Twitter Takes the States, Plurk Rules in Southeast Asia
An excellent recent post by CICM intern Lauren Rabaino reveals in pie chart form what those of us following student media’s attempts at Twitter have long known: Is quality tweeting taking place? Not so much.
Two-thirds of the 50 college media Twitter accounts Rabaino looked at are either solely serving as tiny-url advertisers for stories on the outlets’ sites or saying nothing at all. The Daily Tar Heel‘s recent tweeterific real-time coverage of a campus bomb scare at UNC is proof that Twitter *can* be harnessed as a news tool at the student level. Is it happening in any sustained sense as of yet? I am a follower of most of the accounts cited in the Rabaino breakdown and I can safely say the answer is a resounding no.
Now here in Singapore, Twitter is about as relevant as a winter coat. The student-age social media elite of S’pore and Southeast Asia instead are (at times quite rabid) aficionados of a competing microblogging service: Plurk, the “social journal for your life.” I recently dove into the Plurk-osphere and want to boldly declare: It is FAR superior to Twitter in a number of ways.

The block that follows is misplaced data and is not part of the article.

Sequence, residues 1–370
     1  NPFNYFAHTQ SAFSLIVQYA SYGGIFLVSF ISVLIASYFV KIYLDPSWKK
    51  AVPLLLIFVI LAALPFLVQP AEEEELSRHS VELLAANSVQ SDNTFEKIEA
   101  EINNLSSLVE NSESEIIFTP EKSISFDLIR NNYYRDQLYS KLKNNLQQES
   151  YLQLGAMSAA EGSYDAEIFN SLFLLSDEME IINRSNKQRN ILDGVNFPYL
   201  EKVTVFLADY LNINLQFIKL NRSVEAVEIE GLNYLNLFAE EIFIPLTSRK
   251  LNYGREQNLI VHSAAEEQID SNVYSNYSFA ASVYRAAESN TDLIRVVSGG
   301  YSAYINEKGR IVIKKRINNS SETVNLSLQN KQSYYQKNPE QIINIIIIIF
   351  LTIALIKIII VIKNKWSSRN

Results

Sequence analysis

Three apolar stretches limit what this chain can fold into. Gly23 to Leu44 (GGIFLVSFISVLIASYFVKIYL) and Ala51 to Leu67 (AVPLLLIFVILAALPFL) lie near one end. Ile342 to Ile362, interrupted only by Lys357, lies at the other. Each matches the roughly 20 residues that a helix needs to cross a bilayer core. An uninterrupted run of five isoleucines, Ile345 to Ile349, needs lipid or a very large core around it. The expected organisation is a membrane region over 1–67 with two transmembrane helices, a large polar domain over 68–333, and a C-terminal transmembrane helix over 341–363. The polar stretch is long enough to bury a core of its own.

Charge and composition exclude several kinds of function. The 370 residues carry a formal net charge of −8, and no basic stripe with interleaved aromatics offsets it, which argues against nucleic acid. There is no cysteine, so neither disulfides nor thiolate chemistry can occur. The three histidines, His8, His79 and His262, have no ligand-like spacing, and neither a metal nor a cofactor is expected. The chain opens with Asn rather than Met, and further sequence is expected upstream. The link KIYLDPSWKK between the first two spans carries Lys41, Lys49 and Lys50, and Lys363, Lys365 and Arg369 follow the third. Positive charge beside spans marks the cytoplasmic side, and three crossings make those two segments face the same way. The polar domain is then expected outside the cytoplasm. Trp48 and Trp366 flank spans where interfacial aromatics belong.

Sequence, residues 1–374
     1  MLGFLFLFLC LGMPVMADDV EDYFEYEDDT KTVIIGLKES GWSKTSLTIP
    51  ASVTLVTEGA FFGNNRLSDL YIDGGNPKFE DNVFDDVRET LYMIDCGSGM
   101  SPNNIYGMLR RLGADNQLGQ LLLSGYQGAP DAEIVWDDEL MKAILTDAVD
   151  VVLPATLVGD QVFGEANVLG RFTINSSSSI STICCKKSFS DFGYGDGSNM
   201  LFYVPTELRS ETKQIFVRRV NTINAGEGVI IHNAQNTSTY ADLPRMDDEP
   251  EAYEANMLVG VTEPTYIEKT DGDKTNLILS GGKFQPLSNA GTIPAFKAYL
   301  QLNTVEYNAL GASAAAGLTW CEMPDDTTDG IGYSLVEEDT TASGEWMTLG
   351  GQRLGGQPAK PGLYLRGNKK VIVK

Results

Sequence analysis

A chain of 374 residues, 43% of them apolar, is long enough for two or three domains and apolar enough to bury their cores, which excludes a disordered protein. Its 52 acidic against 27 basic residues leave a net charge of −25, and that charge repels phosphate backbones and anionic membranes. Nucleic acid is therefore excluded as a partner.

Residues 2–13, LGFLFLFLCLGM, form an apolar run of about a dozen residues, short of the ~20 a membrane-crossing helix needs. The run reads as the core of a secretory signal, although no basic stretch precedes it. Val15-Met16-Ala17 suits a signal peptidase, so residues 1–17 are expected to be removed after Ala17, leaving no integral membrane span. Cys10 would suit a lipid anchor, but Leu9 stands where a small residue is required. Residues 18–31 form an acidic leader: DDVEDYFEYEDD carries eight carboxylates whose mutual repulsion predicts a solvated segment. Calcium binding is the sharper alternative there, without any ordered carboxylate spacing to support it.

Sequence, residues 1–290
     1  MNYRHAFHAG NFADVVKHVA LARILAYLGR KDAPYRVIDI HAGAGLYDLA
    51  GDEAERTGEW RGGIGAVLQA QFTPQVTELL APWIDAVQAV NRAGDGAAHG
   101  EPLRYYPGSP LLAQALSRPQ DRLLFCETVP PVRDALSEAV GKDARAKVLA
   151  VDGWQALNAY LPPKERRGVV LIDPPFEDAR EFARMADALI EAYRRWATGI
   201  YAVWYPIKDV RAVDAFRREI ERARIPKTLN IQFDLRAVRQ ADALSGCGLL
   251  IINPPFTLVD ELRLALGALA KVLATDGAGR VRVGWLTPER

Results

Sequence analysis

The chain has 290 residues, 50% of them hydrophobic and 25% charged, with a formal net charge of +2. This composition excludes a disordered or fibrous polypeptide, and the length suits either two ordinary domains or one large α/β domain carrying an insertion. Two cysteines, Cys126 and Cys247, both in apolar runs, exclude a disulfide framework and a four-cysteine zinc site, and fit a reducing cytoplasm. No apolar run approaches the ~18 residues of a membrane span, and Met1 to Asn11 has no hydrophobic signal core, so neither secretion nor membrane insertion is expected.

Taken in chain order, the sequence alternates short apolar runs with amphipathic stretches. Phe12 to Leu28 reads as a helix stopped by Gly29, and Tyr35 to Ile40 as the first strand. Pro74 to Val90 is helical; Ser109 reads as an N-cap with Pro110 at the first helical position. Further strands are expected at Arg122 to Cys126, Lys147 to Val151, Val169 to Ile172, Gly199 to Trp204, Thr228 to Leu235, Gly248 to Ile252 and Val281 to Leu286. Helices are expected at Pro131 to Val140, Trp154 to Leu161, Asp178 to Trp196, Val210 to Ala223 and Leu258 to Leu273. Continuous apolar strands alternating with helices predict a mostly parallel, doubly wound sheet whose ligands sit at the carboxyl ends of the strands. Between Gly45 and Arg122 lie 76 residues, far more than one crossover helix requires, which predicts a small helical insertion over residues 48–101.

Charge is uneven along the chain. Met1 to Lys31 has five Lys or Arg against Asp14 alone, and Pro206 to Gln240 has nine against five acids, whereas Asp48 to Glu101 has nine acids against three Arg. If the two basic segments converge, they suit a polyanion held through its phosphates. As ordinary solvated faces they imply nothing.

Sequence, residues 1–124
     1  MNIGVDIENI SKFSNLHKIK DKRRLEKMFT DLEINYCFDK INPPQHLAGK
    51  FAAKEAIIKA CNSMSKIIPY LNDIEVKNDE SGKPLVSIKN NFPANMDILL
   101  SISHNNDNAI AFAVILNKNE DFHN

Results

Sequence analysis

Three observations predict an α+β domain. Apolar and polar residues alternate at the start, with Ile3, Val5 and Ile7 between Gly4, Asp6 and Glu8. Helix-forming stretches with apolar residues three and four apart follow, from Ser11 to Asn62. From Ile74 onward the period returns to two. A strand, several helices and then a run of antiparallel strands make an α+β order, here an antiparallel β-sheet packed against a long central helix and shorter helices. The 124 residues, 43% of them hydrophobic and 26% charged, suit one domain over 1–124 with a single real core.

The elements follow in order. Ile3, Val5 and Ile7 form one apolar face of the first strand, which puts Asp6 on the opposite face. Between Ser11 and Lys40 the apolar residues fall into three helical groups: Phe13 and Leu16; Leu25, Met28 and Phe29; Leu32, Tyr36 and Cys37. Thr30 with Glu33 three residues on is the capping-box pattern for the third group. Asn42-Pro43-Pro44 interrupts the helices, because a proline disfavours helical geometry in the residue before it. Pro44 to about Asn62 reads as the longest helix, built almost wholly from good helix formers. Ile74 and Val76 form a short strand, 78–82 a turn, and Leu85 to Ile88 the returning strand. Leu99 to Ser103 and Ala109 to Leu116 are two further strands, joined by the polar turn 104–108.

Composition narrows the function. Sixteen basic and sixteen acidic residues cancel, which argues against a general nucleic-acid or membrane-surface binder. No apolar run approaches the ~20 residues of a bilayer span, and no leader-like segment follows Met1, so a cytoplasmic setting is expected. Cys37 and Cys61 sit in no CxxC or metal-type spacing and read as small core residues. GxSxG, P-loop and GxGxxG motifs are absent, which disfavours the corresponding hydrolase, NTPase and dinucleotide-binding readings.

Chief among them: It cuts down on the overwhelming randomness of Twitter-mania, providing a clear-cut timeline to follow and the ability to respond to specific plurks, building a much stronger sense of community. In this latter respect, student bloggers here use the service to hype their posts and create quite a following, in part because they are able to communicate directly to their friends/fans much more conveniently than via the big T. Also, an honest confession: I find Plurk simply to be a lot more fun than its chief competwitter.
What do you think- Twitter or Plurk?